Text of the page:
Not again. Five more teens have been in another North County car crash resulting in one fatality and several injuries. My heart sank as I read the newspaper headline and thought about all of those affected by this most recent tragedy — the teens, their families, peers, schools, neighbors, fire, police and hospital personnel that attend to the medical needs.
There are efforts in our local communities to make a difference by working together to raise awareness about driving safety.
“You drink, you drive, you’re done,” was the theme of the Start Smart driving class held at San Dieguito High School Academy in Encinitas on May 19 in response to the alarming rate of teen car crashes, fatalities and injuries in North County this year.
The class was targeted to teenagers between the ages of 15 and 19 with a driver’s permit or license and their parent or guardian. One key to the class is that parents and teens attend the class together, providing the ideal opportunity to talk about issues that are raised in the class, and to discuss family rules and expectations.
The objective for this class, which was sponsored by the Encinitas Sheriff’s Department, was to educate parents and teens about safe driving habits and to increase awareness about the responsibilities of driving. Parents and teens watched videos of inexperienced teen driving and high-risk behaviors.
“I always have a hard time getting through this presentation when I look at the photos from scenes of car crashes that I responded to,” Deputy Sheriff Matt Carpenter said. “These crashes affect me for a long, long time.” The class also offered useful tips to avoid collisions, develop safe driving habits, discuss parental roles and responsibilities and a chance to learn from personal testimonies.
An added outcome of this class was the opportunity for parents and teens to talk about family expectations about various situations such as not getting into a car with someone that has been drinking, and to develop action plans. “Having the opportunity to talk with my daughters about problem solving and handling issues before they arise is invaluable,” said Denise Fidel, parent of freshman and sophomore daughters who attended the Start Smart class. Parents and teens were provided with many resources, such as the California Highway Patrol’s driving safety agreement, parenting booklets about navigating the teen years and information about the social host ordinance.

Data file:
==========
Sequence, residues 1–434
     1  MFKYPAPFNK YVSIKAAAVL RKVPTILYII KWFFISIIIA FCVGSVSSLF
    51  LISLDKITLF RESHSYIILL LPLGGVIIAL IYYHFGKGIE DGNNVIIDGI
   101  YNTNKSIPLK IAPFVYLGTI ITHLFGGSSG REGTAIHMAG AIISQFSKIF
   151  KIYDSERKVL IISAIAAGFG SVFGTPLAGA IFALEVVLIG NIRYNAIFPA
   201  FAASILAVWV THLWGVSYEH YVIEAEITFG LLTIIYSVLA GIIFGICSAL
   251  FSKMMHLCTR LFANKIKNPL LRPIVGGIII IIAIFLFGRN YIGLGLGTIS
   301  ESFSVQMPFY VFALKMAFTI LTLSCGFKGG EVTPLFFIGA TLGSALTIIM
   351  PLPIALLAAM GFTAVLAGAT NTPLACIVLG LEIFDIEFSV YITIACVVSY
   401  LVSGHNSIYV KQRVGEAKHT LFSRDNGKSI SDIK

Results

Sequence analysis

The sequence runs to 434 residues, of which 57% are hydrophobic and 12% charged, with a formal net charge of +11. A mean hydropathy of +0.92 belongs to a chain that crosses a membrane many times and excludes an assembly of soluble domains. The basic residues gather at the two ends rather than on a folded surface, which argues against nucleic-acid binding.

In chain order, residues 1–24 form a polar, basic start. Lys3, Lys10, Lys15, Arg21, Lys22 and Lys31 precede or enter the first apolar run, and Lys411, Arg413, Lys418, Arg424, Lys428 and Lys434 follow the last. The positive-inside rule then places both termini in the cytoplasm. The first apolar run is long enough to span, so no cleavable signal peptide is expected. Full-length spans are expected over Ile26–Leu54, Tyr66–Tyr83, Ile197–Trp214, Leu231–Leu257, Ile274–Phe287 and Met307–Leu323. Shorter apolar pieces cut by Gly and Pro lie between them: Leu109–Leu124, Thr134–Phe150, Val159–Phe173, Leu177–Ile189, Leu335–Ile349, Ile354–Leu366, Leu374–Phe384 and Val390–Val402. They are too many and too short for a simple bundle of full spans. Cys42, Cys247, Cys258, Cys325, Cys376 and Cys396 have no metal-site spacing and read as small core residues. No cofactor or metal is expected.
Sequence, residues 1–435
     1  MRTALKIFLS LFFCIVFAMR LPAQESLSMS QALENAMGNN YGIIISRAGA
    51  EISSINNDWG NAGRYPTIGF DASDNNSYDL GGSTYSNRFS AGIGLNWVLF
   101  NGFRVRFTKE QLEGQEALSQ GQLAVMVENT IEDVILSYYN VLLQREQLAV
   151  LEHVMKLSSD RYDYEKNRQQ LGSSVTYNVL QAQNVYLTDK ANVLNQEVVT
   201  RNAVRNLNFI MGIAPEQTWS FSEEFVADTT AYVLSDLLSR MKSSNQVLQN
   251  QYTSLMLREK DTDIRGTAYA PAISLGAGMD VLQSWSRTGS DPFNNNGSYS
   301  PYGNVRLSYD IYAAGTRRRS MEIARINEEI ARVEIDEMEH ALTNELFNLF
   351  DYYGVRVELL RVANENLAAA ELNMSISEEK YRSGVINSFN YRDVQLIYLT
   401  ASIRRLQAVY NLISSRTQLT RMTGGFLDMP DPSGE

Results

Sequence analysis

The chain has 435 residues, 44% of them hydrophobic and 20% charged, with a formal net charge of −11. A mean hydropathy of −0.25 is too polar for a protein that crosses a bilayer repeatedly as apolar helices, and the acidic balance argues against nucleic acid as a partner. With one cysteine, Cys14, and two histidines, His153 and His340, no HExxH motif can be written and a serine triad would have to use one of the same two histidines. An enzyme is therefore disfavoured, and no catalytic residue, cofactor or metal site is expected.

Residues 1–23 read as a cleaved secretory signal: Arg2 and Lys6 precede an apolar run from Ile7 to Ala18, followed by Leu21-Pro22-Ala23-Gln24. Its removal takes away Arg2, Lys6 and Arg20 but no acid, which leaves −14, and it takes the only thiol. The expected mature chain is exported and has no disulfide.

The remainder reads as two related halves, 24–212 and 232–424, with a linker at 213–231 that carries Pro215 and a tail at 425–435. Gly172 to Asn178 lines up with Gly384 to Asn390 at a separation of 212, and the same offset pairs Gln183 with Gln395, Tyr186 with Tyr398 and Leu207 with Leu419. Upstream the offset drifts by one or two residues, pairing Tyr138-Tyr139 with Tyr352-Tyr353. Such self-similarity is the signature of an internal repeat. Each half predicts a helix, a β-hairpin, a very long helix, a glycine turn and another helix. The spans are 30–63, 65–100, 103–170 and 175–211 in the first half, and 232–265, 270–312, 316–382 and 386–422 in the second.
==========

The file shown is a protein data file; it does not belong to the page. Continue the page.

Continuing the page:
We know that some parents allow their teens and their friends to drink alcohol in their homes, in spite of the fact that it is illegal. The social host ordinance is designed to crack down on “house parties,” where underage drinking is permitted. Parents that allow teens to drink at their home can be charged with a misdemeanor, which carries a fine up to $1,000, and/or six months in jail, and community service obligations.
There are consequences for underage providers as well. Teenagers between the ages of 13 and 21 who violate the law may have their driver’s licenses suspended, revoked or delayed for up to one year for each offense related to the possession. This is true even if the offense does not involve an automobile.
“The community response to the Start Smart classes has exceeded all of our expectations,” Encinitas Sgt. Mark O’Connor said. “Our job is to enforce the law and to educate drivers. Getting behind the wheel is a serious responsibility. Clearly, we are pleased to help parents instill the important message of driving safely to their teenage drivers, which in turn, promotes public safety.”
These popular classes have been held throughout the year at San Dieguito High School Academy. “We are so pleased to continue our partnership with the Encinitas Sheriff’s office and San Dieguito Alliance for Drug Free Youth and offer these popular and important driving safety classes throughout next year as well,” Parent Foundation President Abby Fisher said.
With upcoming graduation celebrations and summer just round the corner, let’s all be smart and stay safe.
Nancy Perry-Sheridan, MSW, is a prevention specialist with San Dieguito Alliance for Drug Free Youth.